The walls consist of glass panel to allow direct sunlight to penetrate deep into the plan. The upper floors of the extension are clad with a skin of Douglas fir battens, which run both inside and out as exterior cladding and interior wall lining, emphasizing the interplay between volumes. The cladding extends partially over the glass, patterning the light and providing shading.
A glass panel at the end wall of the first floor music/playroom creates a balcony overlooking the main area, thus connecting both the spaces. A glazed sliding door closes off the space when privacy is required. A structural glass box at the top of the house plays an essential role in providing lots of natural light. Wood is put to striking effect in this house and is abundant in all aspects of the scheme from the signature linear cladding, external decking, interior floors, storage spaces disguised as walls and bench seating, and an island unit with breakfast bar that runs the length of the kitchen.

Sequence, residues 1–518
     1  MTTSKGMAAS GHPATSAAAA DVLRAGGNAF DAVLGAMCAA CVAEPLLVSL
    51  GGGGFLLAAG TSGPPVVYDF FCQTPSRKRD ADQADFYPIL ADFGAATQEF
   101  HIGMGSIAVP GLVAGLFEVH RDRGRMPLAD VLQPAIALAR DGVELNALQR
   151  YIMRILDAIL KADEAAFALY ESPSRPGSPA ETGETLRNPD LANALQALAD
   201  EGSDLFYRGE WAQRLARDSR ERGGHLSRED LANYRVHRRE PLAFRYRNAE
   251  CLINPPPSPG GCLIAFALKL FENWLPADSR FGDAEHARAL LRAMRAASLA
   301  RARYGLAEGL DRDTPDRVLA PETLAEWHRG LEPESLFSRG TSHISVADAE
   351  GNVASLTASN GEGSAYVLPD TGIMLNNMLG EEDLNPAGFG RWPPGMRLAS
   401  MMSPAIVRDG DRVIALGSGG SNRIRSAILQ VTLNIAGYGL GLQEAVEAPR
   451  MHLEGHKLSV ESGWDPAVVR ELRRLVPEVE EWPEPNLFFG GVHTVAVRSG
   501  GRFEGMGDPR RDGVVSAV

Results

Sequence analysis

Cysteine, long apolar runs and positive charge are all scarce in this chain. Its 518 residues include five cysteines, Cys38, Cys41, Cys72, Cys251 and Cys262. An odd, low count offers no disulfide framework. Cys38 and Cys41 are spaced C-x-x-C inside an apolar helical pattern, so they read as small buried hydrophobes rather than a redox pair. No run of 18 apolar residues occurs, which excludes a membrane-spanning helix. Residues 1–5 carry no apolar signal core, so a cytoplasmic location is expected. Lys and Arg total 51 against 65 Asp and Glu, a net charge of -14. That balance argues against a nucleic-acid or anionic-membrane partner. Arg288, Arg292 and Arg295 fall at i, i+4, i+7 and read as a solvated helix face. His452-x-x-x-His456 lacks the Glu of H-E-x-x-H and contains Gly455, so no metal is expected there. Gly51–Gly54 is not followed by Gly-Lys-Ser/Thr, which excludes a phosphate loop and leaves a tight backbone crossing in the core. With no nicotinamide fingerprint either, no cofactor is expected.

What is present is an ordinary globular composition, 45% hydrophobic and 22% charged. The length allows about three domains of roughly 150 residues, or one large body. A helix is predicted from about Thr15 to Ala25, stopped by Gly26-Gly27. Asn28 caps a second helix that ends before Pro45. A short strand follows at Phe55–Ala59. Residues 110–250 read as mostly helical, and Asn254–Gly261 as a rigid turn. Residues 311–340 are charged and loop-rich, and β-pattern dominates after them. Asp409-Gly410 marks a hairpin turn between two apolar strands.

A whole new ground floor level has been created beneath the original house. This has an open plan where a variety of activities – cooking, dining and relaxing – can all take place simultaneously in an arrangement that is conducive to 21st century family living. Fully glazed folding doors give direct access to the garden deck.
Another interesting area is children’s playroom, which has an entire wall consisting of built-in shelving with fold down desks. Its bright green hues add a striking touch while providing a strong counterpoint to the natural wood used throughout the house. The scheme was inspired by the house owner’s love of the outdoors and a taste for Nordic design. It is amazing how simple materials, natural lighting and huge open spaces can be the only ingredients to stylish contemporary home.
Images courtesy of Andy Stagg